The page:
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Mama Deb
.:::.:....... ..::...:
Mama Deb [userpic]
Happiness is an empty in box

The secret for me to keep on track and *finish* my work seems to be, "You can't play on LJ until you finish so many listings."

In other randomness:

One thing I haven't seen in all the various Lunacon reports is mention of one minor but amusing thing:

The convention posted notices all over the hotel saying "New York State Law prohibits smoking in all public area's". Yes. "Area's".

I reacted to my first sight of those notices in pain and horror. I apparently wasn't alone, because by Friday evening, all the apostrophes had been crossed out. Some signs were also amended with words like "boundaries" or "vicinities".

By Saturday afternoon, someone added his/her *own* signs below the notices stating that "Extra apostrophes (ie, "area's") is prohibited by the English language."

Others then corrected some of *those* to "eg", although that's actually a judgement call.

SF fans - editors all. :)

eta that the added signs said "are prohibited". Sorry.


"Extra apostrophes (ie, "area's") is prohibited by the English language."

And NO ONE corrected the singular to a plural?

Extra apostrophes ARE prohibited! ARE!

That's my fault. Corrected. Oops

And thanks.

I wondered. Because it's rather blatant.

It also fits the 'net-rule that any correction to spelling/grammar in a post will itself include a grammar/spelling error. :)

(Triple-checks these things in own post.)

i.e. and e.g. are not actually judgment calls, though people make them that. i.e. means you've covered all of the examples in a class, and e.g. means you're only presenting one or several things representative of that class.

They come from the Latin phrases which mean something or other (I can't remember, but I can look it up), and are therefore rather specific.

Most people, however, have it backward and use "i.e." most of the time, where "e.g." is usually what people should be using.

"i.e." = "id est", literally, "that is"
"e.g." = "exempli gratis" (IIRC), literally, "free example"

You've fairly well noted what they're for (though I'd have said "i.e." is for summaries or explication, rather than having covered all examples in a class).

Most people have their head in dark dank places where grammar is concerned. We love them anyway, and secretly correct their errors so that if someone who knows what they're talking about sees their writing, said reader has a chance to get the content without being blinded by the failures of form :-)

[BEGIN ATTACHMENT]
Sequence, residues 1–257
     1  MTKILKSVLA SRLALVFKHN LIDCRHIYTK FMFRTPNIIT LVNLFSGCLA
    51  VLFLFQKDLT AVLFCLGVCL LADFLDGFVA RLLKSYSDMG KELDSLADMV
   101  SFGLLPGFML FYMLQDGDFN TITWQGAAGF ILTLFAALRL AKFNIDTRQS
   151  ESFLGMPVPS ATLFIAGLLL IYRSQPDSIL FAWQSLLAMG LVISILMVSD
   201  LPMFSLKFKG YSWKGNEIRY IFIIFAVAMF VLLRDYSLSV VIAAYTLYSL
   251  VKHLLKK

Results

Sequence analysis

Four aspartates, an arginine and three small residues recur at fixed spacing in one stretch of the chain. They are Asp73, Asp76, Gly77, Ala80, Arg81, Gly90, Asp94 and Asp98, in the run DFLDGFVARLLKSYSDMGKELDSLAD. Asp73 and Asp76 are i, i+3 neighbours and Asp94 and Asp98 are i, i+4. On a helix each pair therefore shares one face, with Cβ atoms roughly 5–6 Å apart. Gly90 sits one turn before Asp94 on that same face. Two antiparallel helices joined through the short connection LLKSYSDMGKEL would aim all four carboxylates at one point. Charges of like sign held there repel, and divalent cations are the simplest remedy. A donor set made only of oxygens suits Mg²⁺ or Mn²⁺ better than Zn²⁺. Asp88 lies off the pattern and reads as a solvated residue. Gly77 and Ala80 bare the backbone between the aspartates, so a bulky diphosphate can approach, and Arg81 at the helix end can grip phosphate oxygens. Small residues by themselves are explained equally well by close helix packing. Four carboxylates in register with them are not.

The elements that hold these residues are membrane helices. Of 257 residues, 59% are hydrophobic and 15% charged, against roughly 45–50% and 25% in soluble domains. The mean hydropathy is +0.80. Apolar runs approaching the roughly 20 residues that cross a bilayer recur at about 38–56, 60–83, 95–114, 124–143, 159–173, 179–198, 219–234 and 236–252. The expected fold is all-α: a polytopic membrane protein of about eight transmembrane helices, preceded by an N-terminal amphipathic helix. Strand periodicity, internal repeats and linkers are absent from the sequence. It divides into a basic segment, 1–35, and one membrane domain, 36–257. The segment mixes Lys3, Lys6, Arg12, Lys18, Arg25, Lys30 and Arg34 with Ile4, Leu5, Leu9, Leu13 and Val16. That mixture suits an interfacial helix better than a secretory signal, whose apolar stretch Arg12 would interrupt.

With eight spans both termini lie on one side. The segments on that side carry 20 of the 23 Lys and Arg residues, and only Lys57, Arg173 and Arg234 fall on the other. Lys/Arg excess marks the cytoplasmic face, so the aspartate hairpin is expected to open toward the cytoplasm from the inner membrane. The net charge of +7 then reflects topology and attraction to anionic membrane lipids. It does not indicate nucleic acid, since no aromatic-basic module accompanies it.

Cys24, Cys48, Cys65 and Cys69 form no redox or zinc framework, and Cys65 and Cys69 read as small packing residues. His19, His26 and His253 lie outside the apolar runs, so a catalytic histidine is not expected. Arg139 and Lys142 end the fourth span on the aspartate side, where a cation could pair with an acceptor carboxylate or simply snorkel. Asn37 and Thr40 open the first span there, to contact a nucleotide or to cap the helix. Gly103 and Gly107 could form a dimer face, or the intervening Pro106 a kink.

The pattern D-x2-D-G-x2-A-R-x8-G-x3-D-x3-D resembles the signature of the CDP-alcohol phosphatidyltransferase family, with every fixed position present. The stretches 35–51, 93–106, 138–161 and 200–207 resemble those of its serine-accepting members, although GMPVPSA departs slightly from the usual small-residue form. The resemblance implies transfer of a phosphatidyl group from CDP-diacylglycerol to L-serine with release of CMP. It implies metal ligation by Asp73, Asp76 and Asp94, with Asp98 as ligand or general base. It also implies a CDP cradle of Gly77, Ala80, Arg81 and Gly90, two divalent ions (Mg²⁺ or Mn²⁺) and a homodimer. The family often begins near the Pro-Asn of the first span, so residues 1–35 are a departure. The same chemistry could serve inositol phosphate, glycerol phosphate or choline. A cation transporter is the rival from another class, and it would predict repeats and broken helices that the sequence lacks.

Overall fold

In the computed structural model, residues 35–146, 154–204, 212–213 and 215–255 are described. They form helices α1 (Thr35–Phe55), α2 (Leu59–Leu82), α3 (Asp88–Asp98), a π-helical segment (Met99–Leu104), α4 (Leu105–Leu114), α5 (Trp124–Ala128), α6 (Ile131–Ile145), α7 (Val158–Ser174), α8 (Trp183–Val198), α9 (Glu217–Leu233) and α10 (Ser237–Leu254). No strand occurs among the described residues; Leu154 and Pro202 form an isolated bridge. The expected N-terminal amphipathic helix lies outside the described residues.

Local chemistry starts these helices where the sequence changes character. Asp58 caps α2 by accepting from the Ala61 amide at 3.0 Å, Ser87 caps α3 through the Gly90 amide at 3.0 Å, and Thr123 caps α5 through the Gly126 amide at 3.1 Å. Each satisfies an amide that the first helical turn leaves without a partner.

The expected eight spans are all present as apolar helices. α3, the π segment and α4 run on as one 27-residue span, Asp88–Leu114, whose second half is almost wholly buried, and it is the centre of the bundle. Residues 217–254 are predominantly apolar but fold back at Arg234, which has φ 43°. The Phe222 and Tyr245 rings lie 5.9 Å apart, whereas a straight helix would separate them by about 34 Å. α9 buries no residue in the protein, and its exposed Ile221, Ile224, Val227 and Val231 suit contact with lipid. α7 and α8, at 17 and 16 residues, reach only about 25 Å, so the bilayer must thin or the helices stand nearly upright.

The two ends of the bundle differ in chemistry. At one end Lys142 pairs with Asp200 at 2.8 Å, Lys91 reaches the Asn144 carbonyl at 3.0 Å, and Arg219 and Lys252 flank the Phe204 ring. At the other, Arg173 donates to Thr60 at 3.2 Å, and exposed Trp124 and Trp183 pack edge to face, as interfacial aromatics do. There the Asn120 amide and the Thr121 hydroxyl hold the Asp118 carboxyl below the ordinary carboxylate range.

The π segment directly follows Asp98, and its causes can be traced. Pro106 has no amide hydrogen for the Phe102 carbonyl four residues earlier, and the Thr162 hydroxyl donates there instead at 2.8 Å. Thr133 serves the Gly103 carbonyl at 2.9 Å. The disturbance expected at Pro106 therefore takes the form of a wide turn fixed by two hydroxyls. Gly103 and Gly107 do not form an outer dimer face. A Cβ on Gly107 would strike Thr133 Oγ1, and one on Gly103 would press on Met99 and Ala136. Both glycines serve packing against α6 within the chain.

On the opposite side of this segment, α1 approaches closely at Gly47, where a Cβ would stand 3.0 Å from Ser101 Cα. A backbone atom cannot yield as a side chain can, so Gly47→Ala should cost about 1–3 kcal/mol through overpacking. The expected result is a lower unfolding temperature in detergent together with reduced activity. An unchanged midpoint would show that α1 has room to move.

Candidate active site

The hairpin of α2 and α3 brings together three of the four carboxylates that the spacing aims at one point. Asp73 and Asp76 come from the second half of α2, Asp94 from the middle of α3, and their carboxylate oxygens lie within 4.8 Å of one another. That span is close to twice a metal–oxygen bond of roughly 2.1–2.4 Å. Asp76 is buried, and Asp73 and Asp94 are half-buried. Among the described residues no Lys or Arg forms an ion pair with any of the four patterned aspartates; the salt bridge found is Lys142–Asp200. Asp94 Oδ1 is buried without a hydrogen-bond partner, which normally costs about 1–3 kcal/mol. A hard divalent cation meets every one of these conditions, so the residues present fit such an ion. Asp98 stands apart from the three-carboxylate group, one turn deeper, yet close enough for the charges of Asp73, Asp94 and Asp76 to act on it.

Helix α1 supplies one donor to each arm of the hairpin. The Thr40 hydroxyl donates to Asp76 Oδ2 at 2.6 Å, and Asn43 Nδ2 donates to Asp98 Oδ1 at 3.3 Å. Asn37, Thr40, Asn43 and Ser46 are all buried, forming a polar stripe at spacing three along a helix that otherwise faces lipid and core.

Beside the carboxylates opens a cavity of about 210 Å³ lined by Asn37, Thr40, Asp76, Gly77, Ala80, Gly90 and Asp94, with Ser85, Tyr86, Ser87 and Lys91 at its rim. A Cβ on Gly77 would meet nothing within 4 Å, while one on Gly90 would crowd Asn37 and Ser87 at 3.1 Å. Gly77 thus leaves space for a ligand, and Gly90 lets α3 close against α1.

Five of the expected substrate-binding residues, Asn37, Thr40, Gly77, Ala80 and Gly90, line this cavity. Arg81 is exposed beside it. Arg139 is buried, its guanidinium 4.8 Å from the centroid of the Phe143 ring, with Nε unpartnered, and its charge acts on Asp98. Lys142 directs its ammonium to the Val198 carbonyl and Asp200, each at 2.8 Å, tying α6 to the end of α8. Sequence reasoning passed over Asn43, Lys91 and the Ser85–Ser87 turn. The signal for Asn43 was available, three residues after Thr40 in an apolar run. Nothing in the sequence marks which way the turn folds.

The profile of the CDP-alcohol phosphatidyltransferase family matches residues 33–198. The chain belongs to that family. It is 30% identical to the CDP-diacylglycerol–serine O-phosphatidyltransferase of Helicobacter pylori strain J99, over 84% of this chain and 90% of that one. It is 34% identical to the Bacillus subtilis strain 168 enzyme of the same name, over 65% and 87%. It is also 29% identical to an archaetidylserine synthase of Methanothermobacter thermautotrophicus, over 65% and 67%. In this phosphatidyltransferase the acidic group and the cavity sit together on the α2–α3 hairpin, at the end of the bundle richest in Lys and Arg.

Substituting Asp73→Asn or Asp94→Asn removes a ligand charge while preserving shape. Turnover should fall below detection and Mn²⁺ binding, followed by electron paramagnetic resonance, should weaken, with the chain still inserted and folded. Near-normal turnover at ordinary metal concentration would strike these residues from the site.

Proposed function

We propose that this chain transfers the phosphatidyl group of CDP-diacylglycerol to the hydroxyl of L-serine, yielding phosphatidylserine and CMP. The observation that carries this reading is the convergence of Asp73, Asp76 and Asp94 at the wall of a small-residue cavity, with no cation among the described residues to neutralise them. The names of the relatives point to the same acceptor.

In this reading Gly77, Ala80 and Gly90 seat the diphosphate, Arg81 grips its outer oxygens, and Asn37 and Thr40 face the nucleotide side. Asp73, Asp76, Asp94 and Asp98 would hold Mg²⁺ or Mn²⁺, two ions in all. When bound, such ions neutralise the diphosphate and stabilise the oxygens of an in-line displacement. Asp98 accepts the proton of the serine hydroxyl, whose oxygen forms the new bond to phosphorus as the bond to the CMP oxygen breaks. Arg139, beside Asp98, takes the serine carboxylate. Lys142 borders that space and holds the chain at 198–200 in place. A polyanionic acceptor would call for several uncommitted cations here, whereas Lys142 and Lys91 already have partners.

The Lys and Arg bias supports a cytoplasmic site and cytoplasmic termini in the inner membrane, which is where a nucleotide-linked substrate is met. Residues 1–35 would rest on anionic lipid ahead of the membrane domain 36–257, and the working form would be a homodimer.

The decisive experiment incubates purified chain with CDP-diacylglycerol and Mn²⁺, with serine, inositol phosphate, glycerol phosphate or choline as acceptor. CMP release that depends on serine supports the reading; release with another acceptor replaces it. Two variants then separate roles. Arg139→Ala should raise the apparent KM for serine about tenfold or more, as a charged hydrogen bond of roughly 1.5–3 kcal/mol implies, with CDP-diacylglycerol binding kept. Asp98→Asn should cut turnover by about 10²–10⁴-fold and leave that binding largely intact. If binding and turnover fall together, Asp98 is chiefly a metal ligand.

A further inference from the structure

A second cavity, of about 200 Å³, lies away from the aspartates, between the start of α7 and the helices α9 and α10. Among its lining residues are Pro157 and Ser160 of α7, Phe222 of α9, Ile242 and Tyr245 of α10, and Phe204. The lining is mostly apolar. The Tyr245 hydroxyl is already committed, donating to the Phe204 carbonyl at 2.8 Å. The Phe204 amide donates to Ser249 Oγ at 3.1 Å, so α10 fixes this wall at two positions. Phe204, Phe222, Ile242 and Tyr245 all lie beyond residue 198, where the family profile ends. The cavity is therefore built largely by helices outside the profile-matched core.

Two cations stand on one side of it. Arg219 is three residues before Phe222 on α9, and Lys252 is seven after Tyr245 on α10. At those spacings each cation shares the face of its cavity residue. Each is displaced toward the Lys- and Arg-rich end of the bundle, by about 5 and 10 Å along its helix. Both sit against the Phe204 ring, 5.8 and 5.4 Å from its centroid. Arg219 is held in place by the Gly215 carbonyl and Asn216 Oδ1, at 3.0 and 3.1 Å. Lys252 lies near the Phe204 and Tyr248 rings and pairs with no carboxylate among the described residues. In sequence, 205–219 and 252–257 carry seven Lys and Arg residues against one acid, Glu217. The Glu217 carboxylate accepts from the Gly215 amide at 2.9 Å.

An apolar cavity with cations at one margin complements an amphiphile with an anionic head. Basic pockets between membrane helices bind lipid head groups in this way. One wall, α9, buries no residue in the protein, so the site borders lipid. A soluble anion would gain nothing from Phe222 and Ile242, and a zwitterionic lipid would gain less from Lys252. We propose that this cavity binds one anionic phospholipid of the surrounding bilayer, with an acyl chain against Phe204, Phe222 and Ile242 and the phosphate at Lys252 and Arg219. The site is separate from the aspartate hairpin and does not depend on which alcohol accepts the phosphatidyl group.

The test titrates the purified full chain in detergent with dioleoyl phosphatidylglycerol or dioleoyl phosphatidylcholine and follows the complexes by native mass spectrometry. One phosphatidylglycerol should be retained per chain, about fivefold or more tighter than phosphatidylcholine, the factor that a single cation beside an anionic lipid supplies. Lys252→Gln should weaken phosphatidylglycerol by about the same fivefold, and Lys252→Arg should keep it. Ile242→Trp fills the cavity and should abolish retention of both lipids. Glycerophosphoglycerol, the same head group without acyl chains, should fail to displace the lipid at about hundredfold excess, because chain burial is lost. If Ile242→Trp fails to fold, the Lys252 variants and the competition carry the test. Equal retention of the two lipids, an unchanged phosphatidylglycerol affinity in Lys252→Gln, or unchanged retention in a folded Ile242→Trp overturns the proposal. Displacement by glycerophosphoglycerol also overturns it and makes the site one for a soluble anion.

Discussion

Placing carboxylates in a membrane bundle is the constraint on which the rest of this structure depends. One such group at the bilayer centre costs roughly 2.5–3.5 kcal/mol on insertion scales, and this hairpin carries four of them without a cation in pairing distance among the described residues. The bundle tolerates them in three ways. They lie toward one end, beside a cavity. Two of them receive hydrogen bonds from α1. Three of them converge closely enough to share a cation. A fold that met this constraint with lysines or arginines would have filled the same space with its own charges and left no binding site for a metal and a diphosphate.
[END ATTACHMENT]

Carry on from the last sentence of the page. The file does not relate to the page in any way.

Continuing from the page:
We are the Gnomes of Correction, and we rule by means of whiteout and the Delete key :-D

Thank you very much! I'm much obliged (never mind the poor grammar in THAT sentence!).

And yes, I would agree that your definition of "i.e." is better than mine. And I further agree that people have their heads in dark dank places where grammar is concerned. My father was the grammar nazi (if you'll pardon the expression), and it rubbed off on me.

Extra apostrophes are a bane. Due to a strong English language presence (and maybe some evil, twisted notion of "cool") some people here include apostrophes into German possessive cases, which just isn't done, the only time there are apostrophes present is when something ends on an "s" and you can't add another "s" so an apostrophe is added instead of the letter. And if that alone wasn't bad enough some people they also randomly insert them into plurals formed with an s (which thankfully isn't the most common way in German to form a plural, so it's not quite as rampant) like in your example.

from the sounds of it, you'll appreciate this:


There's also one about "Its" vs "It's", but I can't find it right now. I'll have to ask my hubby when he gets home.

Heh. An angry flower indeed. I'm actually more laid back about grammar and spelling mistakes than a lot of people, it's just-- you really don't need to *import* additional problems and difficulties into German, you know?